Let’s talk about the corporate alternative minimum tax.

A massive corporate tax cut is the Republican tax overhaul’s entire reason for being. It is the star around which the rest of the plan orbits.

But Senate Republicans, in a frantic rewrite of their tax bill late last Friday, appear to have screwed it up. Kind of. At least for now.

The price tag for the apparent mistake, added hastily in a late-night, partially handwritten draft, is $250 billion or more, according to some rough outside estimates. Businesses are furious. Correcting the Senate’s error is expected to be priority No. 1 as House and Senate members start negotiating a final tax package this week.

But this episode is a potent reminder of how haphazardly this once-in-a-generation tax rewrite was put together before the Senate passed it, and the enormous consequences of such a freewheeling approach.

If Republicans struggle or, worse, fail to correct their error, they risk undermining the entire internal logic of their bill: that this dramatic, permanent corporate tax cut will kick-start the economy, lifting up all Americans as the benefits trickle down.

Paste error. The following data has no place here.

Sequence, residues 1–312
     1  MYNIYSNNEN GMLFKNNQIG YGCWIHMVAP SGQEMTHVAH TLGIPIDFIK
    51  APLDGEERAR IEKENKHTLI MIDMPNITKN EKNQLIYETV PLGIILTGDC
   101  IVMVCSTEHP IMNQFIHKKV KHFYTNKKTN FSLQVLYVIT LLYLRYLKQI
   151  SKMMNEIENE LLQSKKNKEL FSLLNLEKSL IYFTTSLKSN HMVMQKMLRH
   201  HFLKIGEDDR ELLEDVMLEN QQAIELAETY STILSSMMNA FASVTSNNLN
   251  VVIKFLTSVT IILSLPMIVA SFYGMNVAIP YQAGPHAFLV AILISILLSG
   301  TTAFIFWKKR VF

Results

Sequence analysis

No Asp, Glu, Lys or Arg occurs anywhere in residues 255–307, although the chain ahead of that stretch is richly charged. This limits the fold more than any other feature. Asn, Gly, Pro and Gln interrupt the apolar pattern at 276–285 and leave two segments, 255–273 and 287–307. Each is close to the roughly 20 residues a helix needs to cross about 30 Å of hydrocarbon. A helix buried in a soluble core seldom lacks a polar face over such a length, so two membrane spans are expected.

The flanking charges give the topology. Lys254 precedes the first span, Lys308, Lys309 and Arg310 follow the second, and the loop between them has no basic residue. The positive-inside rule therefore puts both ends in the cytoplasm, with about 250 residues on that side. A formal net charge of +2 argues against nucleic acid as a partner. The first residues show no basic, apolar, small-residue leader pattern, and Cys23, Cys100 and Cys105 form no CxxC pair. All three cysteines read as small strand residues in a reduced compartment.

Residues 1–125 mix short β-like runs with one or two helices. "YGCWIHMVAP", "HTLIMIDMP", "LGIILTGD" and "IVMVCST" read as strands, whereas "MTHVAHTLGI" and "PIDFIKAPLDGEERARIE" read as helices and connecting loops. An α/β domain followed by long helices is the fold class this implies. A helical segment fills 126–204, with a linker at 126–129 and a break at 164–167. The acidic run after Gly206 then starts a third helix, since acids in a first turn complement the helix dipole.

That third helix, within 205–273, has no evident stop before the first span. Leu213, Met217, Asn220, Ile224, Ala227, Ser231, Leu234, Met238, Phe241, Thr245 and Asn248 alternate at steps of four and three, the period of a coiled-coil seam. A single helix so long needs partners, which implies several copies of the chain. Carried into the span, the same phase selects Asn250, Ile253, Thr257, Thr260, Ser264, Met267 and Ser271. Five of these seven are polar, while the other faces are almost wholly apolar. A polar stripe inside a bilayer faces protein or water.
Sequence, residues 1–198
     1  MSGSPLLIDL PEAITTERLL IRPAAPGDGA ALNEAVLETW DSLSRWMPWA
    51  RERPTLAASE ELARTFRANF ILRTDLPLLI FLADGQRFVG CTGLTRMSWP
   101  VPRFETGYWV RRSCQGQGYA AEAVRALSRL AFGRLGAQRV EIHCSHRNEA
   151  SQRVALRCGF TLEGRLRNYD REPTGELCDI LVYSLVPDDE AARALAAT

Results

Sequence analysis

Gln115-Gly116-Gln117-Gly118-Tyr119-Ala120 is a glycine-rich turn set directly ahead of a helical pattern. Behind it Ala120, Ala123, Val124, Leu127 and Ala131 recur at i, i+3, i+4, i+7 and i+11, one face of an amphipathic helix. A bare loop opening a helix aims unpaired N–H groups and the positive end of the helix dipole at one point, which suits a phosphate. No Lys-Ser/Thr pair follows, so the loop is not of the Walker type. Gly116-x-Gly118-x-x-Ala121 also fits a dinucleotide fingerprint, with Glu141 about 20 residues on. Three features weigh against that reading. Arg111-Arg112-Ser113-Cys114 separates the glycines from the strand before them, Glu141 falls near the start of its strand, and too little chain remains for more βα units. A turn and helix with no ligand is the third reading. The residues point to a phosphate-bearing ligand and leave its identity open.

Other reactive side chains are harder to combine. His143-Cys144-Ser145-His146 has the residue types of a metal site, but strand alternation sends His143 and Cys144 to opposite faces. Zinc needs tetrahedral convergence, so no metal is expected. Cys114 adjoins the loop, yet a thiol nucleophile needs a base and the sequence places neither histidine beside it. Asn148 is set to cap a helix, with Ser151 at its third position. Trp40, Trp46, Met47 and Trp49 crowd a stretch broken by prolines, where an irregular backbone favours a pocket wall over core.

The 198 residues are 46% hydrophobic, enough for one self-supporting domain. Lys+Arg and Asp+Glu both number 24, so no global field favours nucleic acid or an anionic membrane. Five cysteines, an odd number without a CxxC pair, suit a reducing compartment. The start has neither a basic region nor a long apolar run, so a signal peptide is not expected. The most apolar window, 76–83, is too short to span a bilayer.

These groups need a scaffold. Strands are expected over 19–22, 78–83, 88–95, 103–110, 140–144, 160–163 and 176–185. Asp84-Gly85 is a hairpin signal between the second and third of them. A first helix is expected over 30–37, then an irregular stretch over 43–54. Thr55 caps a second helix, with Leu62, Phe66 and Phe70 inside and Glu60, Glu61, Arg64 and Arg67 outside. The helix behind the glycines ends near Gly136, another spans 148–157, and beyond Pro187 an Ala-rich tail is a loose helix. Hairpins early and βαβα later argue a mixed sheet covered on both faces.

The whole kerfuffle is over the corporate “alternative minimum tax” or AMT. The issue is really wonky, but it also undergirds the very foundations of the Republican plan.

The corporate alternative minimum tax, explained

This is a separate tax calculation under current law, used to make sure that businesses are forced to pay at least a base level of federal taxes and can’t totally avoid taxes by taking various deductions and credits. Few businesses pay it currently, because their regular rate is usually higher than the AMT rate, which works out to about 20 percent.

The Senate bill, like the House bill, originally repealed it entirely while slashing the regular corporate tax rate from 35 percent to 20 Read More Here